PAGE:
Taking Care Of The People Closest To Us

A letter from a friend the other day let me know how little we truly know someone. Her mother had been the teacher of one of my children in elementary school, and a good one at that. We still laugh about the time when the teacher had warned the children to stay off the wet playground due to the heavy rains, and at recess time, she found that one of our sons had indeed gone outside and had re-entered the classroom with a salamander. Now, since she had expressly forbidden the class from going outside and Marty had disobeyed, she had to punish him. And yet, he was not—in his mind—being disobedient, but just doing what he did best: wondering and wandering. The punishment was for Marty to go to the library and work up a study on salamanders which he presented to the class. This was one smart lady.

“I grew up in a dysfunctional family,” writes the daughter of that teacher. “My mother never once told me she loved me or showed any kind of affection.” This is the teacher who was the kindest human on the planet, who wrote great poetry and did excellent art. I still have some of her handiwork.

“To this day,” the daughter writes, “I can’t see what everyone else saw in my mother. The day she gave her testimony in church I sat there in disbelief. I did not know the person she was talking about and wondered how she could lie to the congregation that way.”


“Until the day he died, my father repeatedly told me he was not my father. As you can guess, I grew up hurt and angry. I did not have any idea what love was. All I knew was emptiness, and I had a longing for someone to care.”

“Growing up, I had heard about God, a God who would love you and care for you. To me, that was just another lie. If your own earthly parents could not love you, how could this unknown God love you! Besides, all he wanted was love, praise, and glory. To me, that was just being greedy. He wanted it all. All I wanted was a little!”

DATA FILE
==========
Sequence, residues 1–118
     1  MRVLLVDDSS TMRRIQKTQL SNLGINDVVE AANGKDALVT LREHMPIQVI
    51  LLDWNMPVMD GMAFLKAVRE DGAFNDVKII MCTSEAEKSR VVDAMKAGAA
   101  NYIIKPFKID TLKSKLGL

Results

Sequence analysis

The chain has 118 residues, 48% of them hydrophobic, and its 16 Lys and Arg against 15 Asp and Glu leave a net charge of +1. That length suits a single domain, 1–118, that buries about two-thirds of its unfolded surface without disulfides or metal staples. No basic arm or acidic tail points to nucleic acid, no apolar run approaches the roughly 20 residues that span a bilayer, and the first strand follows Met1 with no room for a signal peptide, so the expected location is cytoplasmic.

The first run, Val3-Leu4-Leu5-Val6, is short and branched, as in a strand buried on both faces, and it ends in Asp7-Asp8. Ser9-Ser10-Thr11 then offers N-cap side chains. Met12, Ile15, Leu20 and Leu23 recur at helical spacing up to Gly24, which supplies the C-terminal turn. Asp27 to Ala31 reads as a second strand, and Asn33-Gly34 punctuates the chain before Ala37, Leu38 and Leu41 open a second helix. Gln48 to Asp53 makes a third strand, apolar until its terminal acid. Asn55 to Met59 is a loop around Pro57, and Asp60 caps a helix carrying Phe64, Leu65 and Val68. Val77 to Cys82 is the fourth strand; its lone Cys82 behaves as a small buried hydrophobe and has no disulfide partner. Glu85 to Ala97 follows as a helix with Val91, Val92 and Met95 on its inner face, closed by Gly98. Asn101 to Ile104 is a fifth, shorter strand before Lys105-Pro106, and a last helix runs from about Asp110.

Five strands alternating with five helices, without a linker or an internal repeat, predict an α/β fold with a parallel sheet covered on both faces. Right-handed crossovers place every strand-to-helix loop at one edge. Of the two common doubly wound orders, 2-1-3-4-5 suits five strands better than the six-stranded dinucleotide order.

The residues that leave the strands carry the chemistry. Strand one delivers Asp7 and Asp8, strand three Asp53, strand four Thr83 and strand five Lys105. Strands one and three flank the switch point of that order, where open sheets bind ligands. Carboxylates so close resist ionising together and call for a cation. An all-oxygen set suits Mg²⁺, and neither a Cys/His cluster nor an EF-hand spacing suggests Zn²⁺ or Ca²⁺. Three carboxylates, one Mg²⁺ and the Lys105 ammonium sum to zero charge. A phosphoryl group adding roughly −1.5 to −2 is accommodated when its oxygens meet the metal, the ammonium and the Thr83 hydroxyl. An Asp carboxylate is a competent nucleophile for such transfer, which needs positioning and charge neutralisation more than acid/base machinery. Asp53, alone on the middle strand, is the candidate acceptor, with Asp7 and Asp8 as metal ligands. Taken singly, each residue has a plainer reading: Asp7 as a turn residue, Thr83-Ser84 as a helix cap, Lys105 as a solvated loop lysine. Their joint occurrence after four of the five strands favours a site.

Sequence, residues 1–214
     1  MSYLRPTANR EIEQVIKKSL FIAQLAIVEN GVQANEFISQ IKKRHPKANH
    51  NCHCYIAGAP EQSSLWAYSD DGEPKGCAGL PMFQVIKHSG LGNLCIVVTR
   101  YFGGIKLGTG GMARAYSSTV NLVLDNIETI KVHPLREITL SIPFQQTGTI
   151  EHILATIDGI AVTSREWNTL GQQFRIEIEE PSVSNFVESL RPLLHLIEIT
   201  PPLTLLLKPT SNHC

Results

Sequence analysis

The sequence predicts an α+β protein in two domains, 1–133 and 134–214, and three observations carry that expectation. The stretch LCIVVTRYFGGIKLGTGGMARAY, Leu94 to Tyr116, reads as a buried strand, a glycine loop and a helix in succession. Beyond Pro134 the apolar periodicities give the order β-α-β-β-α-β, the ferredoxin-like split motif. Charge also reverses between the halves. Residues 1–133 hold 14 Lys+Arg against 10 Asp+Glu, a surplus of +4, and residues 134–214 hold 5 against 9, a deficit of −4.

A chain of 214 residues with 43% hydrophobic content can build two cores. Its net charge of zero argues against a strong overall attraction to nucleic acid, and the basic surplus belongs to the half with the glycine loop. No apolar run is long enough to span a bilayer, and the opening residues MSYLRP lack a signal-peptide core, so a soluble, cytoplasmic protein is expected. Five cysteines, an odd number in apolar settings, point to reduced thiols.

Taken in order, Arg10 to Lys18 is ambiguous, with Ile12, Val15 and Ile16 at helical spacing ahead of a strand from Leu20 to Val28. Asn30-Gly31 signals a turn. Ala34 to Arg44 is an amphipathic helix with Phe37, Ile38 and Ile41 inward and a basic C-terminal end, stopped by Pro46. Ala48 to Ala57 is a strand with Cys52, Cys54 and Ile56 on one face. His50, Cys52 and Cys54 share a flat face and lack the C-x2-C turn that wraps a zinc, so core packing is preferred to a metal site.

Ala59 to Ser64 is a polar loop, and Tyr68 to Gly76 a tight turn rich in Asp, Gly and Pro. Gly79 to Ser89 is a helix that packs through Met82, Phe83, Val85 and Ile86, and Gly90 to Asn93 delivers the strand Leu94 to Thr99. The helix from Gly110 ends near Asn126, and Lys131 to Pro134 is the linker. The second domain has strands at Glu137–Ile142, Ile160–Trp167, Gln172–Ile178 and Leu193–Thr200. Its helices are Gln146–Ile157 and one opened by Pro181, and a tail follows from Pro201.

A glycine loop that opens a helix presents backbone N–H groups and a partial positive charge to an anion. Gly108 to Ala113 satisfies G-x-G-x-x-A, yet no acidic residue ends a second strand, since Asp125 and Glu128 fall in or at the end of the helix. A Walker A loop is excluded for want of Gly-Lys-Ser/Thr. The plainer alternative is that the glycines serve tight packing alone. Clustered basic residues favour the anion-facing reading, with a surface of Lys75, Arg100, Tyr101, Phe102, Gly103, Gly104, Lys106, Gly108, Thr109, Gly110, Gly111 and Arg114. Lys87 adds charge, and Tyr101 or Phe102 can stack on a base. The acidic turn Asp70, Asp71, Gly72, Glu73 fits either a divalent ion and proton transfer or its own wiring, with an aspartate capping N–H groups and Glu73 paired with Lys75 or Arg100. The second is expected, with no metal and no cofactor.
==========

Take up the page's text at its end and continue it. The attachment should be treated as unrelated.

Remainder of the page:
“I married the first person who told me that he loved me. At the time, it was another big mistake. Thank God, He changed my husband and he became the most wonderful man I could ever want.”

“As time went on, we started going to church and I began to learn of God’s love and what He had done for us by sending Jesus to die on the cross. I began trusting God, knowing that this was the true love I had been seeking. I asked God to save me. I sure did not want to go to hell. I had lived my whole life in hell. I wanted to go to a heavenly home of love.”

“After surgery, the doctors told me I was sterile and could never have children. I refused to let them do a hysterectomy. I knew in my heart God was going to give me children-a son and a daughter. How I knew was a mystery, but I did know. I prayed for five years, before God gave me the son, and then four years later, the daughter.”

“In my children, I knew a love I could never have imagined. I made my babies a promise at their birth that they would never have to wonder if their mother loved them or would be there for them. Until this day, I have kept that promise with God’s help.”

“Through my children I learned what love was. I also learned more of God’s love and His words are true. God had been taking care of me all of my life; I just didn’t realize it.”

The letter goes on from there, but that is the essence of it. (I asked her permission to share this with you. She said, “If it helps one child, it will be worth it.”)

Many years ago, Dr. Bob Pierce founded and headed up World Vision, an organization of global impact for Christ. Every Christian leader on the planet knew the name of Bob Pierce. After his death, one of his children wrote a book telling how she missed knowing her father. He was gone all the time, she said, taking care of the children of the world while neglecting the ones he had brought into the world. It was a painful story to read.

Some time ago, I stopped at the state capitol to say hello to the governor. He and I had casually known each other over the years but I had never been in his office. When I asked for an autographed picture, he pulled out one of poster size and wrote across the bottom a gushy line about my being the best preacher in the state. Outside, I told one of his assistants, a longtime friend, what a nice guy the governor was, but how he overdid the kindness thing. “I can’t hang that picture in my office,” I said. He laughed and said, “Joe, he does that with everyone who comes into the office. But the people who work for him are dying for a word of appreciation.”

My children…my wife…my co-workers…the people nearest me—are the authorities on my Christianity, my integrity, and my love.

When Owen Cooper died, his wonderful wife Elizabeth said of him, “As great a man as Owen was in the world, he was a far better man inside the four walls of our home.” I told my wife I want her to be able to say that about me when I die. She said, “Well, then, you’d better get started.”

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